A frenzy of revision has ended with Sons of Ymre #2 heading off to the editor, just in time for proof pages on something else to land. Publishing is always a game of festina lente, and not in the way Augustus originally meant it, either. I always thought Marcus Aurelius would have been a better one to coin that aphorism; certainly I think he’d use it in the modern military sense.
Anyway, Jake’s story has reached its final fighting form, and even copyedits won’t change much more than a tentacle or two. I also did some outlining on the next serial–not very much, because I’m more a pantser than a plotter and this particular story needs room and time to breathe. Still, I wanted a little more scaffolding before I set it aside to marinate and turned to the two last revises I have scheduled–Riversinger and Minnowsharp needs its polish before it goes to the editor, and so do both seasons of Hell’s Acre. They’re all exhausting in different ways, and I’m still not sure the latter will see wide publication.
But that’s a problem for another day.
We’re having a most favonian week, as Nabokov would say. Today it’s going to hit 78F, according to the weatherfolk, which is just a smidge too warm for my taste but ah well. It will mean we can have all the windows open, and I’ve pre-gamed by getting that done before coffee. My office window is currently standing wide, and I can already hear a bee-hum. Pretty sure one or two of the little sods are going to hitch a ride on me today–which is fine, as long as they don’t try to climb into my ear. I dislike that; it never ends well for either of us.
I’m glad to finally have Jake’s story off the docket. Now it’s only line edits, CEs, and proofs for that particular book, and afterward that duology can be laid to rest. My editor had fond hopes for an additional book dealing with one of the Fathers, probably Robert–who was, let’s face it, a good dude, though I like Miklos in the second book better–but I can’t see how I’d do that without fast-forwarding at least a decade in that world. It’s best to just leave it as it lays, as my grandfather would say, and move on to a different brand of paranormal romance. I’ll have to dredge through the compost heap and see what looks juicy green, because when it comes to writing romances I have no intention of stopping. I like having those little bits of light between playing in other genres.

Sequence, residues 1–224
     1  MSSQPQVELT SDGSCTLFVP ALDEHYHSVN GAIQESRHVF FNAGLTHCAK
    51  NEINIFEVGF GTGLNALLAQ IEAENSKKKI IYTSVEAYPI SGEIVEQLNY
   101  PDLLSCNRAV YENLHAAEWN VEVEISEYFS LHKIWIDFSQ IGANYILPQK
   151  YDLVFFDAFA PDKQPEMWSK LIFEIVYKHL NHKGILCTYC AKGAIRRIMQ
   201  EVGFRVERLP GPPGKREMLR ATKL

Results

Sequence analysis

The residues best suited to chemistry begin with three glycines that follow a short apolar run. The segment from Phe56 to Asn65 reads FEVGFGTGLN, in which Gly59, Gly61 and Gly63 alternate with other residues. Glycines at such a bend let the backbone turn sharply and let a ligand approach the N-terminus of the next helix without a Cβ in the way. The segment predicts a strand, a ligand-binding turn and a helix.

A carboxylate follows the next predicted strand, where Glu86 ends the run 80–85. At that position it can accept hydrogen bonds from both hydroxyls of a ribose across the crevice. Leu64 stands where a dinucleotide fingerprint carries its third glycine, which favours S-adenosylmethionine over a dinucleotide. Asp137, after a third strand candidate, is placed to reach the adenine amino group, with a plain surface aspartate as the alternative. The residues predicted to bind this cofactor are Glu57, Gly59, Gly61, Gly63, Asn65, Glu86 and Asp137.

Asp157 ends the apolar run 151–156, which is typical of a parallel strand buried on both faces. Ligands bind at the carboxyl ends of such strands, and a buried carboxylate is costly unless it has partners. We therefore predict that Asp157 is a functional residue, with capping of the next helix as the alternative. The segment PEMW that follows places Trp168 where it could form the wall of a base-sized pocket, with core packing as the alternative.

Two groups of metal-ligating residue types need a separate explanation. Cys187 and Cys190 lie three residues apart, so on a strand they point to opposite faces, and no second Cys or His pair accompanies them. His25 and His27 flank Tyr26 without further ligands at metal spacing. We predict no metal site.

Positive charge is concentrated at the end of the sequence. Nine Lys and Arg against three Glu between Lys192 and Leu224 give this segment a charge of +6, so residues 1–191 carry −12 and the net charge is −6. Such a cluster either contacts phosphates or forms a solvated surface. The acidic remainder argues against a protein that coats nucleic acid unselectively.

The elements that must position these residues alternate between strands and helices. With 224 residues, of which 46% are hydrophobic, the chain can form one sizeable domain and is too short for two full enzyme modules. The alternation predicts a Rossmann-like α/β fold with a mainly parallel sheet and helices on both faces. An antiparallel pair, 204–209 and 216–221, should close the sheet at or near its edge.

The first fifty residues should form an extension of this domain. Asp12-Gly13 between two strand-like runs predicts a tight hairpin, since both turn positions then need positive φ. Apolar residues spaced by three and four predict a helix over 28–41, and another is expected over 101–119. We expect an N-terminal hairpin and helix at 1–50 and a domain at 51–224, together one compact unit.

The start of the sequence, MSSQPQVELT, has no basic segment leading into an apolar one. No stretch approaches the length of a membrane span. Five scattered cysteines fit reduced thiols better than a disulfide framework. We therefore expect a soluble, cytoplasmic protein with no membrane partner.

Boxnoggin is thrilled by the sunny weather. Well, thrilled is kind of a strong term. He loves that his tender toesies aren’t getting damp except in the more low-lying parts of the park, and once he adjusts to having the windows open he’ll enjoy whatever news the wind brings to his cute little snoot. But open windows mean otherwise muffled sounds are entering the house loud and clear, and he’s not a big fan of that.
In fact, his dumb, very loud ass alerts to every single stray noise, and will until he accepts this as the new normal. This happens yearly; fortunately, since his memory is gloriously short, it won’t take long for him to settle in. Even if we return to cooler spring weather after this, one window or another will be ajar until some point in the fall–or until there’s a summer scorch involving wildfires, in which case we’ll close everything up, turn on the AC, and hope.
I’m not thinking about that right now, either. I’ve managed to clear a lot of work in the past few weeks, and am looking at more feverish activity until the Spring’s Arcana release. Speaking of that, there’s a Goodreads giveaway for that book, and you can sign up to attend the virtual launch party, too. I’m going to be hyperventilating and nervous until a few days after said release, so that’ll be fun. (Check out the last few April sales, too, if you’re in the mood for reading material.)
Speaking of, I’d best get some brekkie and out the door. A morning run before the heat builds will help purge some of the nervousness and return me to whatever zen can be found. You’d think after seventy-plus books or so, I’d be used to release-day nerves. But I’m not, I’m not.
Anyway, I have a whole lot of work to do and the urge to listen to John Denver–the original Rocky Mountain High video makes me giggle fondly, and I have no trouble admitting as much. (Especially the “chased by a bear” editing.) Thursday’s well underway and the coffee’s down to dregs.
Off I go.